Top Motivators for Women to Overcome Bulimia

“Just do it!” is a common mantra heard all over the exercise world to motivate people to get in shape and conquer the threat of becoming a couch potato. But this type of motivation doesn’t work when the battle is an eating disorder. In fact, it may hinder more than it will ever help individuals in their fight to overcome bulimia.

The complexity of bulimia runs deep, as those struggling with it judge themselves harshly for any perceived flaw. They become trapped in an addictive relationship with food that can further the development of serious emotional and mental distortions.

Many of these experiences are captured in stories and blogs of those battling bulimia. Spend a little time in the world of a bulimic and you get a glimpse of the challenges bulimia poses. For example, screen names such as “Suicide at 5 mph” are clear indications of how severe and painful this condition can be for those trying to battle and overcome its grip. In the midst of the agony however, these stories and blogs have an underlying message that’s clear: those with bulimia have a strong desire to beat this monster and fight this disorder.

Although men struggle with bulimia, more often women come forward to share their personal experiences with the disorder and why they are determined to overcome it. Often these stories reveal how women want to feel happy again and how they desire to have healthy relationships with family, friends and loved ones. They want bodies healthy and strong enough to bear children.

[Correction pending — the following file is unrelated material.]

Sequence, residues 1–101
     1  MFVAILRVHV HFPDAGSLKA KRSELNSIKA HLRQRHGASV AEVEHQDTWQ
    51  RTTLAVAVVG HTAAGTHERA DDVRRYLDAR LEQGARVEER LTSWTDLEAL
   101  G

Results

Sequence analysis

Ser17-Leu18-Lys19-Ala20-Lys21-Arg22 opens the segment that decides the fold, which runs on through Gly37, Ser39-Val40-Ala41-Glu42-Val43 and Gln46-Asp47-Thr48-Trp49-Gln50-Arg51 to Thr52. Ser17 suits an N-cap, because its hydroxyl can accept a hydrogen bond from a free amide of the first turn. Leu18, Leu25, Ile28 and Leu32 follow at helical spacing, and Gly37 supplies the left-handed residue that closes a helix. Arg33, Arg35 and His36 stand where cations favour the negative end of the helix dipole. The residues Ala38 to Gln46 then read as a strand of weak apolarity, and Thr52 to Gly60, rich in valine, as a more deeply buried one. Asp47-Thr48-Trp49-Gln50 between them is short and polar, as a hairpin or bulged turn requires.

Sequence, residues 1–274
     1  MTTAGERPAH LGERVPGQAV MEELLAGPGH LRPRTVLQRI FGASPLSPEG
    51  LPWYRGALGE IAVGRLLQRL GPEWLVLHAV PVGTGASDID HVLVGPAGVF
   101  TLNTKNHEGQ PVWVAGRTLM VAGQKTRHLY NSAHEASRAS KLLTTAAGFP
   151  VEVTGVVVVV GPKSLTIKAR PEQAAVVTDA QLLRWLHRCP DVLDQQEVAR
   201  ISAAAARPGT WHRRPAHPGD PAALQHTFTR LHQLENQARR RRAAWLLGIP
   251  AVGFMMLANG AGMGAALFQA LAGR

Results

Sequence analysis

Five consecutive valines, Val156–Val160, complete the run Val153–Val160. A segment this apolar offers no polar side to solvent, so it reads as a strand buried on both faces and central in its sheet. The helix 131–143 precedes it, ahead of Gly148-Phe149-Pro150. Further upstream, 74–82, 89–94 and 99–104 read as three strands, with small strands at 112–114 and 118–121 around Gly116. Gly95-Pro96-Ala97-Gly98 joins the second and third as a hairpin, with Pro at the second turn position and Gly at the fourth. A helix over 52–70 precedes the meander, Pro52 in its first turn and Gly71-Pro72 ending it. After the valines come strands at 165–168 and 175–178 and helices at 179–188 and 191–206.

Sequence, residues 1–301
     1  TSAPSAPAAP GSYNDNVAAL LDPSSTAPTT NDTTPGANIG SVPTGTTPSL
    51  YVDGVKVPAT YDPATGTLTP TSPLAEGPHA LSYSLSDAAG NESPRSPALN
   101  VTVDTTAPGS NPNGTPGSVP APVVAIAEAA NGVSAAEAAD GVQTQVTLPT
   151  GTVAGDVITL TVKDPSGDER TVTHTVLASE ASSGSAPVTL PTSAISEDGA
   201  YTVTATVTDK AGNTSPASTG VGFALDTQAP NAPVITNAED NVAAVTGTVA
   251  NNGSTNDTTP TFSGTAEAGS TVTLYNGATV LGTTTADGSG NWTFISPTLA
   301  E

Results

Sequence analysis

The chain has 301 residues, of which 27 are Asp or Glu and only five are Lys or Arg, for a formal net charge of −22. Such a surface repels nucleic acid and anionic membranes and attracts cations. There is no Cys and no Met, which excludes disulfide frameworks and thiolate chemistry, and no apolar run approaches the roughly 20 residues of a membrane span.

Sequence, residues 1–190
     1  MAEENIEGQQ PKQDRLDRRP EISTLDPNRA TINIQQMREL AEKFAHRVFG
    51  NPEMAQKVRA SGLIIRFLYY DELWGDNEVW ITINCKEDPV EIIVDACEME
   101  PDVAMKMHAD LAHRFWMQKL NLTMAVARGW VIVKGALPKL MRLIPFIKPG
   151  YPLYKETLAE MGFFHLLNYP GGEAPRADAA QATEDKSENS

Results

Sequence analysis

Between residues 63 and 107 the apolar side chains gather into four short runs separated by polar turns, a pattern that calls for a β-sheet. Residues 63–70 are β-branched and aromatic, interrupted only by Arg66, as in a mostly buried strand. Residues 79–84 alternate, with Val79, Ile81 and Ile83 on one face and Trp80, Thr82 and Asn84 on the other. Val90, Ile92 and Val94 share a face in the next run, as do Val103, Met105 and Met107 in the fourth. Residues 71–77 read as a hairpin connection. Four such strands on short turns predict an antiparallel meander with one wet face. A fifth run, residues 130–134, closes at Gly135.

Many of these women are motivated by the isolation they feel and the fact that they are missing out on their own lives. Just wanting to feel genuine, and not having to fake a “public” persona while hiding what is really happening on the inside, is the sense of hope embedded in their stories and personal journeys.

When you set out to fight an addiction so powerfully living within your own body, saying “Just do it” isn’t enough. The idea of “doing it for me,” however, plays a much more significant role in motivating women toward fighting this disorder and seeking the help they need. The ties that connect women to family, friends or relationships serve to further motivate women to fight for their lives and the relationships they valued.

Bulimia is a disorder that feeds on the self-hatred, depression, pain and fear inside of individuals and causes them to use food as a coping mechanism. Learning to love oneself again – or for the first time – has a profound effect on the healing process. It can ease the grip and control this disorder has on an individual. Women have voiced this over and over again as one of the strongest motivators for overcoming bulimia.

If you are struggling with bulimia, what will be your motivation to overcoming this disorder?